Prior to the Spanish conquest of Mexico, the language Nahuatl was written entirely in hieroglyphics. Helen Behrens, who studied Mary’s image by comparing it to Aztec iconography, points out that the image of Our Lady is a pictography which itself contains Mary’s message to us. The most important elements in the pictography can be understood in connection with the word “Guadalupe” which is neither a place name (as one might suppose) nor a Nahautl term. It has been shown that the word “Guadalupe” in fact corresponds to the Nahuatl “te coatlaxopeulh” as a Spanish speaker would hear and repeat it. It means “to crush the stone serpent” and clearly refers to the Aztec god, Quetzalcoatl, to whom untold numbers of human beings were annually sacrificed. Thus, the title of the image turns out to mean: “the Entirely Perfect Virgin Holy Mary who crushes the stone serpent.” It is the image itself that is powerful in overcoming the serpent (see Gn 3: 14-15).
Other elements of the image are also significant: the sun rays behind Our Lady show that human beings are more important than the sun god to whom they were sacrificed in the old religion, and the crescent serpent depicts the crushed Quetzalcoatl.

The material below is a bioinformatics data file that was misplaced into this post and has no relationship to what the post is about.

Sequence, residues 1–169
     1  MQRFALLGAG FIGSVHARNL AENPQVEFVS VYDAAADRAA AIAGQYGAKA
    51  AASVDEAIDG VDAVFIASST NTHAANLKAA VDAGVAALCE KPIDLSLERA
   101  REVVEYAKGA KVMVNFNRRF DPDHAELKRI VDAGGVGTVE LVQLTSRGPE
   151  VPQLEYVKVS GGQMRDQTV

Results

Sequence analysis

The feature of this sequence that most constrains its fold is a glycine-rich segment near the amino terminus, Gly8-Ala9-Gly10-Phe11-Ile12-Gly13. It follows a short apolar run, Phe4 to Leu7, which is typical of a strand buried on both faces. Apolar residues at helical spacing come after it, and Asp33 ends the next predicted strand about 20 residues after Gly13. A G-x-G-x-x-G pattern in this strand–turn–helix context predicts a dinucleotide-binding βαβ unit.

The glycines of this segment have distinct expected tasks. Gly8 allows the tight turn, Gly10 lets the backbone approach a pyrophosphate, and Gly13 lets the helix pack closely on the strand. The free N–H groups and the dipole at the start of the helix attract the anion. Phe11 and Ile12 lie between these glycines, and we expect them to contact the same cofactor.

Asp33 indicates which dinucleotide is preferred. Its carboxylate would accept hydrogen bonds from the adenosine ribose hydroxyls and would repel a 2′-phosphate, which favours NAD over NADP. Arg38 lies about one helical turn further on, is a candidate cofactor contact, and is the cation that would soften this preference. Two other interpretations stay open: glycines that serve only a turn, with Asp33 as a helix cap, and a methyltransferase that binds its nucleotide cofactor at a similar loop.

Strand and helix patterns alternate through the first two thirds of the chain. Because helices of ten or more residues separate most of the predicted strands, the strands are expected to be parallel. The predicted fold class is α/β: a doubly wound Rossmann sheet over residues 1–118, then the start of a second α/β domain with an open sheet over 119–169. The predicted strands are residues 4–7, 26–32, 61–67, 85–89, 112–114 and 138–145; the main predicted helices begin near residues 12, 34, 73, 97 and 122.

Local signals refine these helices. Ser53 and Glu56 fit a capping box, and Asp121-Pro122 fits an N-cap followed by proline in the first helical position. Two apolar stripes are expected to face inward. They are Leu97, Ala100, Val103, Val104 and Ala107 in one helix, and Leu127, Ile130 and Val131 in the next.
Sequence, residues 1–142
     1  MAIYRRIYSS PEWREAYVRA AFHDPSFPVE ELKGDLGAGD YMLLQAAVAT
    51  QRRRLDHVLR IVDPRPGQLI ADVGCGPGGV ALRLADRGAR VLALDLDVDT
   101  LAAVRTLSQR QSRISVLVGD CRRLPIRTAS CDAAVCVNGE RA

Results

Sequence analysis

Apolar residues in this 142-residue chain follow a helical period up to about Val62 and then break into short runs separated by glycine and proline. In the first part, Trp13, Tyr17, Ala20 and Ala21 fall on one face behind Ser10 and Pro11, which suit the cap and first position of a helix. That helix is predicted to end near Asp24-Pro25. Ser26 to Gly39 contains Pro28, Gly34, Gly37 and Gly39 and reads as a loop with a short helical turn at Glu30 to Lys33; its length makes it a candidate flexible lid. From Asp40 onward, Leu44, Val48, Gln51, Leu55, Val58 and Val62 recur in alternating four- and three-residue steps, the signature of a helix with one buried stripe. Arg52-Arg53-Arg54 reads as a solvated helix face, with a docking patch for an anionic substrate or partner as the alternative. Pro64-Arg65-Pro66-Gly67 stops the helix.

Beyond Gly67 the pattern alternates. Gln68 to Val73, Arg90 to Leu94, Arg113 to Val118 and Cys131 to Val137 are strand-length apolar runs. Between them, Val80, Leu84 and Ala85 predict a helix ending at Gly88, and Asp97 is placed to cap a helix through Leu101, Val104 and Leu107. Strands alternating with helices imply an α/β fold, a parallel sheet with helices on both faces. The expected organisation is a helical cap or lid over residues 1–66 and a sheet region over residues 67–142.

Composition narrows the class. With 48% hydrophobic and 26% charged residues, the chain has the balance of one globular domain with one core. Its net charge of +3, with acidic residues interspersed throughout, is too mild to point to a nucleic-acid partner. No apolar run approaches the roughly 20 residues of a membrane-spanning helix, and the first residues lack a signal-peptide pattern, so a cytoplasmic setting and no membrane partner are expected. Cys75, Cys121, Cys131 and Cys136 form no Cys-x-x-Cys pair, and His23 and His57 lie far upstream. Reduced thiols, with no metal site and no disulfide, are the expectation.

Again, we can discern a striking Advent theme. The incarnate Son, whom we expect in this holy season, is the Word made flesh, the perfect image of the Father. God sent us, not words, but his very own Son. Just like the image of Our Lady of Guadalupe, the incarnate Son is the divine message in himself.
So: the roses and the image are central to the apparitions of Guadalupe draw us into the deepest mystery of Advent. “By that rose we may well see / That He is God in persons three: / Pari forma.” The unexpected and astonishing roses remind us of the pure and unmerited grace of the incarnation. The image reminds us of the awesome immediacy of the divine in Christ.
How fitting it is that, in the hear of the Advent season, from Alaska to Tierra del Fuego, north and south of the Rio Grande, we all embrace “the Entirely Perfect Virgin Holy Mary of Guadalupe” as the Mother and Queen of the Americas.